(Bloomberg Opinion) -- Bond traders are dusting off their tried and true post-crisis playbook after the Federal Reserve’s pivot last month. What they don’t realize is that the game has most likely changed.

In an unabashed reach for yield, investors suddenly can’t get enough of the riskiest debt, with the Bloomberg Barclays U.S. Corporate High Yield Bond Index posting a staggering 5.25 percent total return in the first five weeks of 2019, led by those securities rated in the CCC tier. In the largest CCC borrowing since September, Clear Channel Outdoor Holdings Inc. received orders this week of more than $5 billion for a $2.2 billion deal, allowing it to price its debt to yield 9.25 percent, compared with whisper talk of about 10 percent. CommScope Finance LLC boosted the size of its junk-bond offering to $3.75 billion from $3 billion because of strong demand.

December seems like forever ago. Remember, it was the first month in a decade that no speculative-grade borrower tapped the market. And even buoyed by no new issuance, junk bonds still fell the most in three years.

The recent rebound in high yield is hardly a surprise, given Fed Chairman Jerome Powell’s abrupt shift toward pausing on further interest-rate increases for a while. It’s the classic “risk on” market, apparently backstopped by the central bank, that investors have seen time and again in the almost 10 years since the last recession ended. The bigger fear seems to be missing out on this quick recovery: U.S. high-yield funds experienced $3.86 billion of inflows in the week ended Feb. 6, the biggest since July 2016, Lipper data show. It follows a flurry of Wall Street strategists rushing to increase their 2019 total return estimates for junk bonds just weeks into the year. 

Bond investors are either looking for short-term profits with this frenzy or are oblivious to longer-term risks. As Andrew McCormick, head of fixed income at T. Rowe Price, put it in an interview: “If you’re going to buy risk, you want to be a renter rather than an owner.”

Consider the odds of a downturn, which is most detrimental to riskier borrowers. According to a model from the New York Fed, the probability of a U.S. recession in 12 months has climbed to almost 25 percent, the highest since 2008 and more than double what it was a year ago. Moody’s Investors Service has said slower growth this year will push the corporate default rate to 3.4 percent from 2.8 percent in 2018. Citigroup Inc. projects an even higher 4.6 percent default rate in 2019. That isn’t exactly a rosy outlook for speculative-grade issuers.

On top of that, the Fed’s Senior Loan Officers Survey released this week showed banks rapidly tightened lending standards for commercial and industrial loans. It’s usually a leading indicator for U.S. growth, as Bloomberg News’s Tracy Alloway noted, raising the question of whether the economy is just facing another blip or something bigger. Meanwhile, banks including Barclays Plc, Deutsche Bank AG, UBS Group AG and Wells Fargo & Co. are still trying to offload some leveraged-loan deals they were stuck with late last year.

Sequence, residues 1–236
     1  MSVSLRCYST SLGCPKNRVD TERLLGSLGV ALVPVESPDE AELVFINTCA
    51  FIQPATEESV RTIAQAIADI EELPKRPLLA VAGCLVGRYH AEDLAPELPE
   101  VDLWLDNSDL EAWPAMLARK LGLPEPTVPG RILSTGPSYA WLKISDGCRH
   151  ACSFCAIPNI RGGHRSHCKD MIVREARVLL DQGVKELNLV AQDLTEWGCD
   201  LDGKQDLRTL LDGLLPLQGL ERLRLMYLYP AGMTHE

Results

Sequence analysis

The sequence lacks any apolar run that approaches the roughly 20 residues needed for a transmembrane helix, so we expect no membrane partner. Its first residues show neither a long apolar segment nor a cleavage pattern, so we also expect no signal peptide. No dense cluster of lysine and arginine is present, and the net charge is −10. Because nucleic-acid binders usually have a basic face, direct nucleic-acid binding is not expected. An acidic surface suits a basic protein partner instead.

That once-hot leveraged loan market, by the way, hasn’t come close to the blistering pace of the junk-bond rally, perhaps because investors prefer fixed-rate debt now that the Fed is on hold. In fact, individuals have pulled money from the funds for 12 consecutive weeks, including some of the biggest outflows ever.

So, what’s going on with high yield? Maybe it’s simple: “In typical market fashion, sentiment overshoots,” Robert Almeida, global investment strategist at Massachusetts Financial Services Co., said in an interview.

Even though it seems as if the prevailing sentiment is that the run in junk bonds can’t last, few seem willing to step in and say the rally is about done. The average spread on junk bonds is 4 percentage points, according to Bloomberg Barclays data. While that’s down from more than 5 percentage points at the start the year, it’s still far wider than October, when it was 3.03 percentage points. If investors really believe they’re “all clear,” there’s room for a further rebound. 

Ultimately, though, the nearly 10-year U.S. expansion will slow, if not flip into a recession. To borrow McCormick’s phrasing, it’s a matter of how long investors are willing to “rent” junk bonds and reap the high interest payments before getting out.

As is the case with many strategies, that will work until it doesn’t. Again, it was less than two months ago that high-yield debt tumbled day after day, with volume in the biggest junk-bond exchange-traded fund eventually soaring to an all-time high during the height of the sell-off. And in October, the idea was floated that high yield could be a shelter during the equity-market storm. That proved not to be the case.

It’s understandable that investors are almost giddy that the Powell Fed seems to have their back (or, at least not making a perceived policy error). And it’s easy to simply equate “dovish Fed” with “risk on.” But don’t be fooled — pitfalls abound, particularly if buyers become indiscriminate in their reach for yield. They say markets have a short memory: Junk-bond buyers are proving it.

To contact the author of this story: Brian Chappatta at bchappatta1@bloomberg.net

To contact the editor responsible for this story: Daniel Niemi at dniemi1@bloomberg.net

This column does not necessarily reflect the opinion of the editorial board or Bloomberg LP and its owners.

Brian Chappatta is a Bloomberg Opinion columnist covering debt markets. He previously covered bonds for Bloomberg News. He is also a CFA charterholder.

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